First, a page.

Fine art

Taos museum now boasts accreditation

Harwood Museum of Art awarded distinction by American Alliance of Museums

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If the Harwood Museum of Art had been accredited by the American Alliance of Museums when much-lauded exhibition “Mabel Dodge Luhan and Company: American Moderns and the West” was being organized, it would have been cheaper and much easier to pull off, according to Harwood Executive Director Richard Tobin.

The show — which opened here May 22, 2016, and has since gone on tour to the Albuquerque Museum and now is at the Burchfield Penney Art Center in Buffalo, New York — called upon myriad resources in order to bring together artworks from various collectors and institutions. During that process, one of the first things a curator would say would be, “Is your museum accredited?”

To get around that and wade through red tape was expensive and time-consuming, according to Tobin. But now, the process that began several years, a couple of directors, lots of staff and mucho dinero ago has finally come to fruition. On Feb. 24, the Harwood Museum of Art was notified by the American Alliance of Museums (AAM) that the Harwood had been awarded accreditation by the AAM Accreditation Commission.

To quote from the award letter: “Accreditation means the museum meets National Standards and Best Practices for U.S. Museums and joins a community of institutions that have chosen to hold themselves publicly accountable to excellence. Through a rigorous process of self-assessment and review by its peers, the museum has shown itself to be a good steward of its resources held in the public trust and committed to a philosophy of continual institutional growth.”

Tobin was relieved at the news, but was quick to attribute the work of many staff, past and present, for the enormous amount of work to bring the museum up to speed. Tobin’s predecessor as director, Susan Longhenry, “formally started the process in 2010,” he said. “It was kind of put on hold when she left and we didn’t have a director,” but it was ongoing. Once awarded, the notice “essentially tells the public, it tells the community, it tells any kind of donors that we are following best practices and national standards, that we have a fiduciary responsibility to keep the work preserved, exhibited and interpreted in accordance to the best practices in museums all over the country.”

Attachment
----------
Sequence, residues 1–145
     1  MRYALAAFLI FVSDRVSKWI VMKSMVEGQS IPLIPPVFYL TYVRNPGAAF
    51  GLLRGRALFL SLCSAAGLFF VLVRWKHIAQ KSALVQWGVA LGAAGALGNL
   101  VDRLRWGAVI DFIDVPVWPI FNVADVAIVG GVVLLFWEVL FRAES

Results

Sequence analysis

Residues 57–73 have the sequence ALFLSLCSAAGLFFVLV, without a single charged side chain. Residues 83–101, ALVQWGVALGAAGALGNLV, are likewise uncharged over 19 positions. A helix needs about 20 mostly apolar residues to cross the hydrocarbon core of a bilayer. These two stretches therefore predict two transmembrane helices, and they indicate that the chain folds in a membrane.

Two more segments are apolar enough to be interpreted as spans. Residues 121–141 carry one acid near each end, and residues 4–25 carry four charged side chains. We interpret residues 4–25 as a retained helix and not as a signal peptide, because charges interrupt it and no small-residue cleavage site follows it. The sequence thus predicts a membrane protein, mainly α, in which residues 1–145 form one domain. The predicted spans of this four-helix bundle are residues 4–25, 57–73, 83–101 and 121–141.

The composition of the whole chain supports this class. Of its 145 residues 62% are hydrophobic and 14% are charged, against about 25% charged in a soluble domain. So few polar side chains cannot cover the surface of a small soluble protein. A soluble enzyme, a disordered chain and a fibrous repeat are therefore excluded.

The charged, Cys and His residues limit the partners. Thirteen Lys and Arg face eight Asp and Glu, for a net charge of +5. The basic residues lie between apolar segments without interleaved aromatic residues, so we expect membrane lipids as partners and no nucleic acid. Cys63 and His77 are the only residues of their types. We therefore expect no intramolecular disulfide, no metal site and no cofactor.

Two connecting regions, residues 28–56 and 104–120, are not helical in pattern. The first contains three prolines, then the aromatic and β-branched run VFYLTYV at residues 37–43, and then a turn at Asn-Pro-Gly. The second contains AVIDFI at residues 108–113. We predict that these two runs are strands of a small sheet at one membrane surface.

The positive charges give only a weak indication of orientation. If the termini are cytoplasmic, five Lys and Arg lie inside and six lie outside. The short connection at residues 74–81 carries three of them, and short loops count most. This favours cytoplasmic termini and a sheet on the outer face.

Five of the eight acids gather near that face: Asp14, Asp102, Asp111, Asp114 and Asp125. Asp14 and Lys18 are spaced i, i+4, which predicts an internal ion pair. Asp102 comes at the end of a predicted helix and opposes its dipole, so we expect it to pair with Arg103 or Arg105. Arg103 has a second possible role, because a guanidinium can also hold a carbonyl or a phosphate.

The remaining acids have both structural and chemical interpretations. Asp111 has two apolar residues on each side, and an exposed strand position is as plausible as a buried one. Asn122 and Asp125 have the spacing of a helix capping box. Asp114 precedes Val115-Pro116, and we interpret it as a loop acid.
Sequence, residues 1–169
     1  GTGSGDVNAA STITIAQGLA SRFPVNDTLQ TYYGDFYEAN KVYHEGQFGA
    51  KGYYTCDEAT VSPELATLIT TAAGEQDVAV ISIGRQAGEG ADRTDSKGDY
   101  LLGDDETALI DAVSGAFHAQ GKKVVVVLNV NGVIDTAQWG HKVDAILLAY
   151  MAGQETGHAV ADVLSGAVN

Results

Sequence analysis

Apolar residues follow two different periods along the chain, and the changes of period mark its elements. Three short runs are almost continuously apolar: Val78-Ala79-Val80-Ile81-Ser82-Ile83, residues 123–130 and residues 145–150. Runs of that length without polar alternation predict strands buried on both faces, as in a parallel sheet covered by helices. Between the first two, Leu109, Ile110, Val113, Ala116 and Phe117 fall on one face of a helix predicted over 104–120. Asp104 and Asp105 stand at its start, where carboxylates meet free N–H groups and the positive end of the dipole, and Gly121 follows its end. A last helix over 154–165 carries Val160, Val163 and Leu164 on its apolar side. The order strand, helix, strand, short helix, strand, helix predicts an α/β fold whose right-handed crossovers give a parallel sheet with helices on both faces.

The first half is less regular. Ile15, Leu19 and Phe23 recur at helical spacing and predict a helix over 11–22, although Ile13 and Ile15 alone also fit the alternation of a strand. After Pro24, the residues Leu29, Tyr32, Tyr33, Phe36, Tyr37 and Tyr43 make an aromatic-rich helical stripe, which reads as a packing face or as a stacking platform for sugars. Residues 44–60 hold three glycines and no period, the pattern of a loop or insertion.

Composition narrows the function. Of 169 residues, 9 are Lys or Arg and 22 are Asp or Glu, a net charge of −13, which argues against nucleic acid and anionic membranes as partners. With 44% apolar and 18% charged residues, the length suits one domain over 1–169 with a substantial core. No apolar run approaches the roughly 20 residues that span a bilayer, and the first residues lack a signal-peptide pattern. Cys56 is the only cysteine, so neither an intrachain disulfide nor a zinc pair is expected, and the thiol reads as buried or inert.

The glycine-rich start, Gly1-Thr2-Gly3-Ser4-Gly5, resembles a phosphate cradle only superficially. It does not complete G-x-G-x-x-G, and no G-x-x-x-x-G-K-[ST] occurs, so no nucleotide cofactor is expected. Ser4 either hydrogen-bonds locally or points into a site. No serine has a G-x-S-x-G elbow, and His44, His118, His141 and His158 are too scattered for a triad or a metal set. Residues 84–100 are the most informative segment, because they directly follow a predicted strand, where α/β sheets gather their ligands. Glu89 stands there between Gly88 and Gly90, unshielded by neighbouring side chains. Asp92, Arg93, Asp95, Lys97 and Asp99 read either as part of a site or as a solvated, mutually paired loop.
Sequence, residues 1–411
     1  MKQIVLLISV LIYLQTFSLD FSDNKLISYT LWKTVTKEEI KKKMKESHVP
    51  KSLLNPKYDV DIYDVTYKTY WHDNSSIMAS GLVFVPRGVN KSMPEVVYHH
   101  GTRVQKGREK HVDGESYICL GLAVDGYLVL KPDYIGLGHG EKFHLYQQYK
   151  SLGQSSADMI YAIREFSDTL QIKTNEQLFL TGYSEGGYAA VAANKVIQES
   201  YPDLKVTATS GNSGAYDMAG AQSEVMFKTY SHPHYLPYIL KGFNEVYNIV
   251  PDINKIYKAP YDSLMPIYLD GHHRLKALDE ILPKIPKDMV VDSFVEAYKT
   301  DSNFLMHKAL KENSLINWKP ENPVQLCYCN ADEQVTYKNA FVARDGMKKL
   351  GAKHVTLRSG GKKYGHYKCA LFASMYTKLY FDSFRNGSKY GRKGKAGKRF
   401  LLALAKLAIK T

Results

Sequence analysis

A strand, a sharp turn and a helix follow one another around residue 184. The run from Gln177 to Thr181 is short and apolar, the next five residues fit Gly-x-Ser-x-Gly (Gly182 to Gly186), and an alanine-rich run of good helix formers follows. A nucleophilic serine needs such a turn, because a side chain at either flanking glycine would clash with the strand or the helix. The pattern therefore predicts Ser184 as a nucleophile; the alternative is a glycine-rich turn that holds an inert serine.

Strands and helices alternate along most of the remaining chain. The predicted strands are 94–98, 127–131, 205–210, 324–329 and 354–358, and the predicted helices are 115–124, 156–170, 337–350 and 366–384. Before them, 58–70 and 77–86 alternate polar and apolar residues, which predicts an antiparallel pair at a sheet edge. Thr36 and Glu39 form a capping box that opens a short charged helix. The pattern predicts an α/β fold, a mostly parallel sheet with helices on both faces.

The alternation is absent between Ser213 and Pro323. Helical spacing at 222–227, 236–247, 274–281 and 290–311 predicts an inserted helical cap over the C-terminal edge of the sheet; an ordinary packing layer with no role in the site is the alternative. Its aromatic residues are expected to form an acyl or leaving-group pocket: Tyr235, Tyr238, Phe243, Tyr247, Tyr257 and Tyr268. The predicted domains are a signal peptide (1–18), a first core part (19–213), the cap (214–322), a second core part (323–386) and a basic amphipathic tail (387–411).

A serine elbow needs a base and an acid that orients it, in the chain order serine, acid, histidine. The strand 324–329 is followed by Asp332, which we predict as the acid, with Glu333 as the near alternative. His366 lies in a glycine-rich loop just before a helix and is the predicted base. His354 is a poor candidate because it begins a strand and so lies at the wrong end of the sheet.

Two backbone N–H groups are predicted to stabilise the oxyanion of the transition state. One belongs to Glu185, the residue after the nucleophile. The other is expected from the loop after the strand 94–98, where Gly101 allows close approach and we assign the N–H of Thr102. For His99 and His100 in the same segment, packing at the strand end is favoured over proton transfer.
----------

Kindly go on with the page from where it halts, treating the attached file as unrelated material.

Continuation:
AAM is not about to let institutions like the Harwood rest on their laurels. Accreditation is an ongoing process that includes periodic “self-study.” According to the award letter signed by Burt Logan, chair of the accreditation commission, “To help ensure that accredited museums maintain their level of professional performance they must undergo periodic re-accreditation reviews. The museum’s next self-study is due March 1, 2026.”

The letter continues, “At the time of the next review, the Commission will expect to see increased representation of Taos’ diverse community at all levels in the museum and that the overarching interpretive plan described in the Interpretive Engagement section of the institutional plan has been created. We will also look for evidence that the museum has taken a strategic approach to ensuring the viability of its museum store operations.”

In the meantime, the Harwood is continuing its best practices by displaying the spring edition of its ongoing “Continuum: Light, Space and Time” series, which opened with a members preview Thursday (March 2). The show is in the process of rotating various works over time in an effort to provide the viewer with various chapters in its effort to tell the story of art in Taos from “Blumenschein to Bell.”

The museum is located at 238 Ledoux St. For more information on exhibits and programs, visit harwoodmuseum.org or call (575) 758-9826.

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